For years, I’ve been working with David Breaux on his journey of compassion, including editing his first book, promoting the construction of the Compassion Corner Earthbench and recently planning the upcoming Compassion Tour and, last week, its benefit dinner. I have edited, for free, three other books (ridiculously fun) and written–for a variety of purposes–literally countless articles, features, and press releases for the Enterprise (right, the newspaper I’ve had a hard time bringing myself to read). I’ve been driving for the winter homeless shelter, regularly checking in on my 92-year-old neighbor June (and doing errand and shopping support), baking & cooking for various school hospitality committees, tabling and getting more involved with Moms Demand Action and the Yolo Brady Campaign, and, of course, scorekeeping for–and reporting on–dozens upon dozens of baseball games.

And writing a daily, journally, photo blog thing.

(And wow, here I go list-making again.  Sorry.)

Back to the election.

The context for this post is: I haven’t been all that involved in elections, but this time, not only did I care a little bit more than in elections past, I did a teeny, meeny bit of volunteering for this one guy’s campaign.

And by teeny, meeny, I mean I volunteered to make some telephone calls to get people to the polls. Nothing worth a king-sized medal or anything, but a little bit of a contribution and a little bit of fun. Yay me.

Sooooo, on this election day in Davis, there were a few things that really, really made my day:

1. Having volunteered to Make Calls for the Joe Krovoza campaign, and having not been able to allocate the time over the weekend, today was my day. So this morning, I went to pick up a bunch of call sheets at campaign headquarters, and planned to make calls this afternoon.  While there, I was given a short orientation.  One thing a campaign volunteer suggested to me, in addition to making my calls, was, “you might want to make sure your neighbors vote.” And I thought, right… June may need some assistance…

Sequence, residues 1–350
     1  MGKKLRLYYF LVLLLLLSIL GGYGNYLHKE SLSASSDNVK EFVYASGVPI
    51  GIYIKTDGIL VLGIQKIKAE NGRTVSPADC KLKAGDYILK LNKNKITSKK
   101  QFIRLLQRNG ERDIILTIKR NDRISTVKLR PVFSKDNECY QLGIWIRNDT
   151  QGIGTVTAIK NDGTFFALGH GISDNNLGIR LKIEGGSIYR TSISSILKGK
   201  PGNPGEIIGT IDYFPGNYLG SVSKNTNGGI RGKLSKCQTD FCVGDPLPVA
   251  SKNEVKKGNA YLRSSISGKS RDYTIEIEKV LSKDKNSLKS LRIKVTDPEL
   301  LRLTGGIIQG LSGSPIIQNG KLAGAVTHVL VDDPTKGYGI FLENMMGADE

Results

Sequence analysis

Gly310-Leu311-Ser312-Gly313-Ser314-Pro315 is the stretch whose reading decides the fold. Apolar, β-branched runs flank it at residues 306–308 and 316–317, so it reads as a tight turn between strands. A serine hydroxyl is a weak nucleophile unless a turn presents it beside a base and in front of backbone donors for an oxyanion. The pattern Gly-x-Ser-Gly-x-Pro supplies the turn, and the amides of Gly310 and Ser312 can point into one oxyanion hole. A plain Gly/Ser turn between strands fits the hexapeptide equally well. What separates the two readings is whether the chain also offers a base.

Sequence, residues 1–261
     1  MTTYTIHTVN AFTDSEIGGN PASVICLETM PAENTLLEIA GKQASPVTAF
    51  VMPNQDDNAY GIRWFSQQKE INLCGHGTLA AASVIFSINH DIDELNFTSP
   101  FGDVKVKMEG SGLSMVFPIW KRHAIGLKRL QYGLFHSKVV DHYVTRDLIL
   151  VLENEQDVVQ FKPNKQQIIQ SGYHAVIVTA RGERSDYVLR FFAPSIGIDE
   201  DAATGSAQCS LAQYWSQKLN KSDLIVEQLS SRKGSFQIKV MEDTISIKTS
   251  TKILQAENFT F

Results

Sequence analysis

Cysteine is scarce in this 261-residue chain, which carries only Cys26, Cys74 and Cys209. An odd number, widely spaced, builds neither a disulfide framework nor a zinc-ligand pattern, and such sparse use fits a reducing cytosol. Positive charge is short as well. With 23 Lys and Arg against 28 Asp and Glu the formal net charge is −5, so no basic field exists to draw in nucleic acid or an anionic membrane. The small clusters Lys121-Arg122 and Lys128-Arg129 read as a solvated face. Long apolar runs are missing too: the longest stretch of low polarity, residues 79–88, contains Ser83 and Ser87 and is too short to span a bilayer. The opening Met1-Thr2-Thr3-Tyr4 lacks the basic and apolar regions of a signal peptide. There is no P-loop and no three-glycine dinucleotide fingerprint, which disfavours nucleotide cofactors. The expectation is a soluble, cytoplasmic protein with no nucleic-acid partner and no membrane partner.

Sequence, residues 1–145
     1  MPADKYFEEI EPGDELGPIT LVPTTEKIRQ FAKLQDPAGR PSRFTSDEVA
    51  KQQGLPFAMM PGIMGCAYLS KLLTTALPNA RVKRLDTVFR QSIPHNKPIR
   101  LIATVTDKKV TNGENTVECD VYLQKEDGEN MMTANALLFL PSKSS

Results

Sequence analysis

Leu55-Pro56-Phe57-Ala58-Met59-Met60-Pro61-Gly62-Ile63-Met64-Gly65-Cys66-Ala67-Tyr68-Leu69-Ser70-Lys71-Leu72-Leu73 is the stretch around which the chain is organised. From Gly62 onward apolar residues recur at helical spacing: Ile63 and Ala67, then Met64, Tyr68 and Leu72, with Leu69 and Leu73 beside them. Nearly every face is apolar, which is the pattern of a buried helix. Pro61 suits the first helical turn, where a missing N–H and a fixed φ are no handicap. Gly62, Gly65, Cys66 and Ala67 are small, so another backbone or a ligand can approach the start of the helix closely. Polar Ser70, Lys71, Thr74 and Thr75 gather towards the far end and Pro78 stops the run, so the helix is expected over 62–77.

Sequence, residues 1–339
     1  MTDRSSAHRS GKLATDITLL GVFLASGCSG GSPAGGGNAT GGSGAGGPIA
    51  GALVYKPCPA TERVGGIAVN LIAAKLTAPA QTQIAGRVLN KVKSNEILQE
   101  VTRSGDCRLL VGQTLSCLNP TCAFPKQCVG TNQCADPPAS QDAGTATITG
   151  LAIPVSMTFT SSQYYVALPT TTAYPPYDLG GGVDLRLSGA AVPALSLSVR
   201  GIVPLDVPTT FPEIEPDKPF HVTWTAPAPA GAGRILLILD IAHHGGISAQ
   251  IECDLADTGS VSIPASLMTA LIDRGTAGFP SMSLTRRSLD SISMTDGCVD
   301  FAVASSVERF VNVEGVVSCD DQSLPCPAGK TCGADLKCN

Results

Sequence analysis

When I got home, I went over to June’s.  It turns out, she’s been really ill (as has Tracy, her ancient, overweight, arthritic, poorly groomed pit bull).  Voting was the last thing on her mind. But she also said she’d never, ever missed voting in an election and she’d hate not to vote. In case you don’t know, June was born in Davis. Her mother was born in Davis(ville). She grew up in a house at the corner of 3rd and C Streets (coincidentally, Compassion Corner). She’s got a lot of history in this town, so voting’s a big deal. She decided that, yes, she did want to vote, so she and I started looking everywhere for her vote-by-mail ballot. She found it (in spite of the fact she’s functionally blind) and we commenced to filling in the blanks. She was very cranky today (sick, hurting, hungry, sad because of Tracy, and I sensed a bit peeved at me for being MIA in recent weeks…) and wasn’t up on most of the races. I offered to share my thoughts on those races she was clueless about. She is a republican so defaulted most often to republican candidates, but I scored two victories in the two races I cared passionately about: City Council (Robb Davis) and State Assembly (Joe Krovoza).   Yay me.